Madhur Jaffrey CBE is an Indian-born actress, food and travel writer, and television personality. She is recognized for bringing Indian cuisine to the western hemisphere with her debut cookbook, An Invitation to Indian Cooking, which was inducted into the James Beard Foundation’s Cookbook Hall of Fame in 2006.
Fantastic book. Madhur Jaffrey is one of my favorite food writers and Ultimate Curry Bible doesn't disappoint. For the purposes of this book, she uses the British Colonial definition of curry, i.e. any Indian or Indian-style dish with a sauce; as she points out, this is not how Indians would define it (typically classifying dishes by name and as "wet" or "dry", depending on amount of sauce). In addition to a wide variety of recipes (including kebabs, soups and salads) from throughout the world (the Indian Subcontinent, Southeast Asia, Africa, US, UK, the Caribbean, and Japan), Jaffrey discusses the history of dissemination of this class of dishes. Originally Indian "curries" expanded with priests and merchants travelling to other lands but really took off in the 18th and 19th Centuries with the British Colonial empire, both with British who acquired a taste for these dishes and Indian indentured workers and lower-level (but still English-Speaking) bureaucrats. Various circumstances caused greater or lesser changes in these recipes, either from poorer emigrants having to "make do" with local ingredients or non-Indians altering them for their own tastes. For an extreme example, look up "Curry Roux" (Japan), which seems to be the only example where the concept of curries was imported without the people. Changes also resulted based on religion/personal tastes in certain areas (i.e. use of pork and coconut milk in SE Asian curries rather than lamb/goat and youghurt). Thus far I've only made three recipes from this book (Goan Prawn Curry, grilled Dry Fish Masala, and Green Coriander Mushrooms) but all were excellent and I have several dozen others marked for future use. UCB also includes some historical recipes, including a 18th Century Moghul "Raw Meat" Biryani and various 19th Century British curry mixes (powder, paste, and sauce). The last part of the book has a selection of raitas, chutneys, dipping sauces/relishes, chaats, pickles and garnishes. There is also a section related to various types of rice, noodles (including excellent advice on cooking techniques) - apparently I have been cooking Lo-Mein noodles wrong all this time), and breads. 4.5 stars.
UPDATE: In addition to the three recipes above, I have now also cooked Basmati Rice Pilaf with Dill and Cardamom, Silken Chicken Tikka Kebabs, Kadhai Chicken, Yoghurt with Spinach and Dill, Green Cabbage Sabzi, Prawn Curry with Roasted Spices, and Grilled Fish in Sri Lankan Tomato and Coriander Curry Sauce. The cabbage was pretty good. All of the others, excellent. Change rating to a full 5 stars.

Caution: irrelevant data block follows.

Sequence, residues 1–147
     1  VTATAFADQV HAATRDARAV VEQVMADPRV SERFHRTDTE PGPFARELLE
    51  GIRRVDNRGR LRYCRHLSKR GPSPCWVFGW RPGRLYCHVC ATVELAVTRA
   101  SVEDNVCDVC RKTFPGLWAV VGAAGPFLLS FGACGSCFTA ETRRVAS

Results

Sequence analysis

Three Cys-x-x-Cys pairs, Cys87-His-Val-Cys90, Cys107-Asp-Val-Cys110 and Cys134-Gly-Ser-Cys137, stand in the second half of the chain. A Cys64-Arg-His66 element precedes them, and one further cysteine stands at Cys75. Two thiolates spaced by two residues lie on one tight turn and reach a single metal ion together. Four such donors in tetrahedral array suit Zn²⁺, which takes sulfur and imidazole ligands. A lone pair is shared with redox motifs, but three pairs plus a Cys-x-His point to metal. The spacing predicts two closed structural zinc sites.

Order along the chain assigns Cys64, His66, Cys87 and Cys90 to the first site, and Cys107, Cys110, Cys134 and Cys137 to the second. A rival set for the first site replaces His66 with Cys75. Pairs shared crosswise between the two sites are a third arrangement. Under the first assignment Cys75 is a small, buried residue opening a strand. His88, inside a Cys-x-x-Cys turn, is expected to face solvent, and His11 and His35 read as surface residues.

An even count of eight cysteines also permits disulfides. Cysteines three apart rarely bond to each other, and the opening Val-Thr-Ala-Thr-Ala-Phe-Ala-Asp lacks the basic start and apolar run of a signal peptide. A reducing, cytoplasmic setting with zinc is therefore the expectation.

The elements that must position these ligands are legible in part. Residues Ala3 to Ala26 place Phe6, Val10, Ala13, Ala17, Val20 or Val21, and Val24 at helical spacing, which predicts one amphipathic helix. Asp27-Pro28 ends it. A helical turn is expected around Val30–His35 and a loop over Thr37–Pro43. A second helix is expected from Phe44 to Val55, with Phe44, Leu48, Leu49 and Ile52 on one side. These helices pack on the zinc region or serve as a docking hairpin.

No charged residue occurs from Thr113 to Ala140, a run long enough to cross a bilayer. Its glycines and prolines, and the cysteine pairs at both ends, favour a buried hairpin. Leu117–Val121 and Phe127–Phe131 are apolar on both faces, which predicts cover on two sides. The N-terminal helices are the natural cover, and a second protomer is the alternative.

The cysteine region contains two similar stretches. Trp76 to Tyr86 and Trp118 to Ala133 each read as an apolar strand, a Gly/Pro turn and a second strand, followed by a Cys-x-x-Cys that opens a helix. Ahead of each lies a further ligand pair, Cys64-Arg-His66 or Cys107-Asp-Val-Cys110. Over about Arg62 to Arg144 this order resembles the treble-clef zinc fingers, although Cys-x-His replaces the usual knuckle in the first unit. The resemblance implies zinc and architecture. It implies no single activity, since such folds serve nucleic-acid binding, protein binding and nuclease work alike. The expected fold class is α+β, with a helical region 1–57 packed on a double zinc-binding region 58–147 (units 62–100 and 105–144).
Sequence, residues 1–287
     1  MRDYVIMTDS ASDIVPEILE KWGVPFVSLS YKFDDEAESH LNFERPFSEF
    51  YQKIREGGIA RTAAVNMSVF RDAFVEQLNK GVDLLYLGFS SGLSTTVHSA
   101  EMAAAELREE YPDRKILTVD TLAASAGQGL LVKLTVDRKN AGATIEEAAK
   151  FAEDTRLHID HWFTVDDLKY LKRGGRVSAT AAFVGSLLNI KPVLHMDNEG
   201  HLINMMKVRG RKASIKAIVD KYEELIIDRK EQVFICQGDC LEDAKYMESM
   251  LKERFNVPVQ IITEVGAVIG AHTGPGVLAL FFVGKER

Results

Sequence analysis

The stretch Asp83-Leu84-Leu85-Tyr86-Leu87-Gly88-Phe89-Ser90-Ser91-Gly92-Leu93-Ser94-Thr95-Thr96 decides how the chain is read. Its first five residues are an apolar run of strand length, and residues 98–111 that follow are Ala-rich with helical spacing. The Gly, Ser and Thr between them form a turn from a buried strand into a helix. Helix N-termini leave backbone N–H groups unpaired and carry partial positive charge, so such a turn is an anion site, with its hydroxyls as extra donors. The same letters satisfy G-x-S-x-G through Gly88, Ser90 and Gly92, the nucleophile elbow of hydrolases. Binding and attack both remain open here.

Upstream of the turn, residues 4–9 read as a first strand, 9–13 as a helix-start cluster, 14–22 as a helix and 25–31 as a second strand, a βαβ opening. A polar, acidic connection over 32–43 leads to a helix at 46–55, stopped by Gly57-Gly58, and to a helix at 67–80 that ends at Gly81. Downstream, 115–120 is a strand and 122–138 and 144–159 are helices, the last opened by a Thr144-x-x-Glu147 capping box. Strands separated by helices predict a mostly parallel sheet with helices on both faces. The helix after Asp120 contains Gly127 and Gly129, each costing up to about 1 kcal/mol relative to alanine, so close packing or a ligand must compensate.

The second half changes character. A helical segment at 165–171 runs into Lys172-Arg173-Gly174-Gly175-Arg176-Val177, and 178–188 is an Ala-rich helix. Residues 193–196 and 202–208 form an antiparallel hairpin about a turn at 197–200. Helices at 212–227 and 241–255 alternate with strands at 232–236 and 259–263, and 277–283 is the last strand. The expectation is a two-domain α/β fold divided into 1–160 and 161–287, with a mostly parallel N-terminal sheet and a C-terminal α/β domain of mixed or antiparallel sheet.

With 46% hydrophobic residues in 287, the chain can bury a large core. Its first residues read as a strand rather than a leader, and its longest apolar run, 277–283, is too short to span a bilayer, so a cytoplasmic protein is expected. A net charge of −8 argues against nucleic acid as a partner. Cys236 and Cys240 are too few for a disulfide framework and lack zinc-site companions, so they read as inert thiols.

I tried for years to make a good curry to no avail until someone bought me this book. Now takeaways are a thing of the past and I know that currys are not as hard as I thought. Madhur shares many experience and lets you in on secrets in order to share the curry love. Across the continents - any type of curry you can imagine is here.
When it says Ultimate Curry Bible, that's what you get. Every recipe I've tried (around 75% of them so far) are delicious and taste authentic - to my European taste buds at least... Nice anecdotes makes the book fun reading apart from the great recipes. And as she has recipes for a lot of different curry pastes and spice mixes, you can start making your own versions of these as well.
Fabulous book. The best curry recipe book I have. Curries from all over the world. South Asia, South East Asia, the Caribbean, Africa. Even some Raj era recipes. Some recipes are complex or time consuming, but none has failed yet.
Very informative, I enjoyed learning about the origins of different cuisines based on the diaspora of the peoples from the Indian sub continent, but be careful with the measures, I don’t know about the quantities of the spices but I do know that cutting squid into rings 5mm or 3/4” wide are not the same.
What is a “curry”? Ms Jaffrey defines it as the British did, back in colonial days: any Indian or Indian-style dish with a sauce. She says nothing of using hot spices to cover up less than fresh meat in a hot climate! Ms Jaffrey also covers accompaniments such as rice, noodles, breads, chutneys & relishes, and tea. Suddenly the non-specific word “curry” is transformed into a considerably more helpfully descriptive; entirely thanks to the very lack of precise definition; and whimsically at odds with our present day Western society which constantly and tiresomely seeks unambiguous clarity (important when flying an aeroplane, not necessarily to the same degree when categorising food? I’d venture to suggest not so much fuzzy-logic as fuzzy-food?
It’s in my nature to snort with derision at the gross arrogance of any book that calls itself the “ultimate” or (other than the Holy) “Bible”. I also own a general intense dislike of books which incorporate their author’s name in their title. The fonts chosen by the publisher (Ebury Press) are characteristically elegant and sympathetic to the subject. The Frontpiece is of an early C17th Indian painting of, “a fighting cock destined for the pot if he loses”. Proudly aloof; his eye in profile betrays a mere hint of superiority and fatalism conjoined. Perhaps that has something to do with the fact that these recipes really are best read (and the practicalities straightened out in one’s mind) before so much as picking up a knife.